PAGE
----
Singer used many techniques to pull off his heinous operation. His primary method involved bribing notable members of coaching staffs and athletic departments at top schools to commit players to their teams that often had never even played the sport. Admission via sports teams of lesser notoriety subverted the usual criteria for acceptance if coaches gave approval, allowing Singer to get students through this channel for years. His other method of having students fake learning disabilities so that their private proctor could take their standardized tests to near perfection made genius applicants out of ordinary students in the eyes of those judging applications. Following the scandal, there have been investigations and crack downs on both the student athlete recruiting processes and the standardized testing protocols.
Lauren Kranc of Esquire writes, “In total, 50 people—33 wealthy and influential parents, two SAT and ACT administrators, one exam proctor, nine college athletics coaches, and one college administrator—were charged in Operation Varsity Blues.” The documentary combines acted -out portrayals of the major players within the scandal with real life interviews from some of those who worked to bring Singer and his clients down in the FBI’s operation. To this day, Singer has yet to be sentenced or to spend any time in prison, as his assistance with exposing many of his clients to authorities earned him some leniency with the law.
The college search and acceptance process has always had inequality based on income, but Operation Varsity Blues shows how many of the nation’s wealthiest went beyond the law in disregarding morality to favor what could be debated as either parental egotism or doing the best for their children. Netflix’s documentaries have continued to bring greater transparency to specific topics that might have the mainstream reach to force greater reform within the U.S college admissions process. Operation Varsity Blues may just be the tip of the iceberg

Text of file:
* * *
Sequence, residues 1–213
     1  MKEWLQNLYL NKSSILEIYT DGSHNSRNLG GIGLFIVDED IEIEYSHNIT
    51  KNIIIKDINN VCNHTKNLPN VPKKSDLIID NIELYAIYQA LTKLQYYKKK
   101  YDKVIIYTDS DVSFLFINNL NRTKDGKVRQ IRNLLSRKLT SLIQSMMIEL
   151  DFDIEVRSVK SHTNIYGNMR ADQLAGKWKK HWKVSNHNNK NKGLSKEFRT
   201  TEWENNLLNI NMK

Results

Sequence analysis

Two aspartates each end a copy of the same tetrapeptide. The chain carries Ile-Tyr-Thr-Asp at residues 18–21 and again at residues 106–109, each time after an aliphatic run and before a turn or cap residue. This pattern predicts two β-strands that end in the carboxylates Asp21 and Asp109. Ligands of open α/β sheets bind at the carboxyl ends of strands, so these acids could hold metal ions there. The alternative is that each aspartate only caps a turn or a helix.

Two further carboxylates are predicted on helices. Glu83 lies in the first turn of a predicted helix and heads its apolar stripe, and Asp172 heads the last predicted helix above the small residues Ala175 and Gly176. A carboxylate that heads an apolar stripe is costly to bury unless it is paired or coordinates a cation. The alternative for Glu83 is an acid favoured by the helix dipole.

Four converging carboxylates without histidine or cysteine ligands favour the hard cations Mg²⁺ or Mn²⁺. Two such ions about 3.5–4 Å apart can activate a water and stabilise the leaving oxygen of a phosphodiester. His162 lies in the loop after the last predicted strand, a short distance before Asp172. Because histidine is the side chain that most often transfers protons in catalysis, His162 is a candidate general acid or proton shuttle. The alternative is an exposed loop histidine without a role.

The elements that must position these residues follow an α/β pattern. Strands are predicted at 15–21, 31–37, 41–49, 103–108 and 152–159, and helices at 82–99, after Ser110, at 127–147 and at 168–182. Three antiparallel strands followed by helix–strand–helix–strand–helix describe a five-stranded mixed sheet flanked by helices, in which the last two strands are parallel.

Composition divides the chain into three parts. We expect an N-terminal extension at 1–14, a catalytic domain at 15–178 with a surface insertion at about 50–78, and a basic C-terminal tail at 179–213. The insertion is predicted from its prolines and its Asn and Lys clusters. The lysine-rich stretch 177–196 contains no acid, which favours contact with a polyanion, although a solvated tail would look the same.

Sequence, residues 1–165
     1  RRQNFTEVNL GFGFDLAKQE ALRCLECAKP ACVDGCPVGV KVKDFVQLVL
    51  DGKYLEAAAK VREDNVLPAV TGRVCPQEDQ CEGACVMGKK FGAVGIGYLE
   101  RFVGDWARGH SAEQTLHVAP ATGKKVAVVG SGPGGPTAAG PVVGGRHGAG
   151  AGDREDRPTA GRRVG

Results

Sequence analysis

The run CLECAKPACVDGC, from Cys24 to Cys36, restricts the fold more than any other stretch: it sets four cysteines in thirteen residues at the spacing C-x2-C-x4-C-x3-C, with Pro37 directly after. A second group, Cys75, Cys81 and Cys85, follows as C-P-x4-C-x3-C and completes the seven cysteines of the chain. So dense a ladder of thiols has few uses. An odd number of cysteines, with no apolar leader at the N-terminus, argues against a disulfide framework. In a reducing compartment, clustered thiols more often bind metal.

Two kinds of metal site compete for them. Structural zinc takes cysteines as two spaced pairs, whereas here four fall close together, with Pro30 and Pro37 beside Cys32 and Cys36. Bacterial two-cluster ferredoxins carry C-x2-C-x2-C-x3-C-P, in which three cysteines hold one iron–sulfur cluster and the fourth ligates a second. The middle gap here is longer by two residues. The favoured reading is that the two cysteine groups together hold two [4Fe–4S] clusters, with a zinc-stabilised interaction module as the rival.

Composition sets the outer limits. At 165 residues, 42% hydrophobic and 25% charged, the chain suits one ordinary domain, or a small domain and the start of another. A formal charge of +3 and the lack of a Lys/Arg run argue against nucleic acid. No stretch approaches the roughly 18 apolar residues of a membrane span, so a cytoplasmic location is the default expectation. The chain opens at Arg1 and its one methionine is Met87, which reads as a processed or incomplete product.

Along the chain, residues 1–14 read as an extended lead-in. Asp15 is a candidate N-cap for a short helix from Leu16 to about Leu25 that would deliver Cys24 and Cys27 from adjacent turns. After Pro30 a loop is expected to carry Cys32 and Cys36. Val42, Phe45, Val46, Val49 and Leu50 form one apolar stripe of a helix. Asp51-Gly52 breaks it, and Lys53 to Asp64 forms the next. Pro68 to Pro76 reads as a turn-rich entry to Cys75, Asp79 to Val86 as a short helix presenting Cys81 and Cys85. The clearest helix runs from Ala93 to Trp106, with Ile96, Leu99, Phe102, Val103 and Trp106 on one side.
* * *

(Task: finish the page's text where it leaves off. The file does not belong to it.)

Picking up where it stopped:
Nickelodeon Announces Creation of Avatar Studios,
Production of New Avatar Content by Original Creators
by Dave Argento ’21 A&E Staff
After 16 years since the premiere of Avatar: The Last Airbender, and six years since the finale of The Legend of Korra, Nickelodeon’s February 2021 announcement of Avatar Studios has reinvigorated excitement surrounding what content the highly popular animated world will yield. Although The Last Airbender was tremendously popular and The Legend of Korra saw rather strong ratings as well when these series were originally released, fans of the fantasy franchises had lost hope in ever seeing more of the magic that original creators Micheal DiMartino and Bryan Konietzko produced. With Nickelodeon’s support for Avatar Studios, the two will now have the greatest financial backing and creative freedom that they have had yet to dive deeper into the lore-rich world of Avatar.
Many Netflix subscribers are likely to remember the booming Avatar fandom that formed in the spring of 2020 when Avatar: The Last Airbender became the most watched title on the platform as of May 22, 2020. Between the original fans that grew up with protagonists Aang and Korra and the new binge-watchers engaging across social media, the hype surrounding the two shows set the stage for this announcement.
DiMartino and Konietzko have had a long and rather difficult history with licensing agreements and creative restrictions failing to do the franchise justice. Henry St Leger of TechRadar writes, “There was an ill-fated, whitewashed and universally-panned live-action movie of The Last Airbender, directed by M. Night Shyamalan—originally intended to be a trilogy of films, but scrapped due to the poor reviews and low profits of the first film.” This comically bad film left a sour taste in the mouths of dedicated fans, casting doubt on whether or not a quality remake would ever come. Lacking the original Avatar creators, the film was almost doomed from the beginning.